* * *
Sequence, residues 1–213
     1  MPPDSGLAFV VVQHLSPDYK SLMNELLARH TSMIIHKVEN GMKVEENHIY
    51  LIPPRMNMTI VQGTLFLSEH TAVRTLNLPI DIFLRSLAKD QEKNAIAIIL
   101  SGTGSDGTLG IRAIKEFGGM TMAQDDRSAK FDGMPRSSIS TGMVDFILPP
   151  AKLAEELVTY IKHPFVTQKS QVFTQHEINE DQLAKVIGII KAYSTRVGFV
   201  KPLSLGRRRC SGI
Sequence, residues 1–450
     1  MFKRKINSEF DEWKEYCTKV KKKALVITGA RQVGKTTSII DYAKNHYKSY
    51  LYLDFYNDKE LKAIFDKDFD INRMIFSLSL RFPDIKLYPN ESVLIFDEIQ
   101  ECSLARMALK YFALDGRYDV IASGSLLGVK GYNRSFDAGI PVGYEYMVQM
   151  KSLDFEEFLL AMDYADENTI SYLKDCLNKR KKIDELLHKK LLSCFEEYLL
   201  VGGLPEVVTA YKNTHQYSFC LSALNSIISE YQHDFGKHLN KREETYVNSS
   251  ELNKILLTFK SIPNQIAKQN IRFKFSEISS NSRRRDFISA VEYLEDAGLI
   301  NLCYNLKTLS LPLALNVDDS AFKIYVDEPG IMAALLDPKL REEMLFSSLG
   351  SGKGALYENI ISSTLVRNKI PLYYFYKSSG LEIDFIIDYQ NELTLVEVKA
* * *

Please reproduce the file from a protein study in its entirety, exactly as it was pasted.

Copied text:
Sequence, residues 1–213
     1  MPPDSGLAFV VVQHLSPDYK SLMNELLARH TSMIIHKVEN GMKVEENHIY
    51  LIPPRMNMTI VQGTLFLSEH TAVRTLNLPI DIFLRSLAKD QEKNAIAIIL
   101  SGTGSDGTLG IRAIKEFGGM TMAQDDRSAK FDGMPRSSIS TGMVDFILPP
   151  AKLAEELVTY IKHPFVTQKS QVFTQHEINE DQLAKVIGII KAYSTRVGFV
   201  KPLSLGRRRC SGI
Sequence, residues 1–450
     1  MFKRKINSEF DEWKEYCTKV KKKALVITGA RQVGKTTSII DYAKNHYKSY
    51  LYLDFYNDKE LKAIFDKDFD INRMIFSLSL RFPDIKLYPN ESVLIFDEIQ
   101  ECSLARMALK YFALDGRYDV IASGSLLGVK GYNRSFDAGI PVGYEYMVQM
   151  KSLDFEEFLL AMDYADENTI SYLKDCLNKR KKIDELLHKK LLSCFEEYLL
   201  VGGLPEVVTA YKNTHQYSFC LSALNSIISE YQHDFGKHLN KREETYVNSS
   251  ELNKILLTFK SIPNQIAKQN IRFKFSEISS NSRRRDFISA VEYLEDAGLI
   301  NLCYNLKTLS LPLALNVDDS AFKIYVDEPG IMAALLDPKL REEMLFSSLG
   351  SGKGALYENI ISSTLVRNKI PLYYFYKSSG LEIDFIIDYQ NELTLVEVKA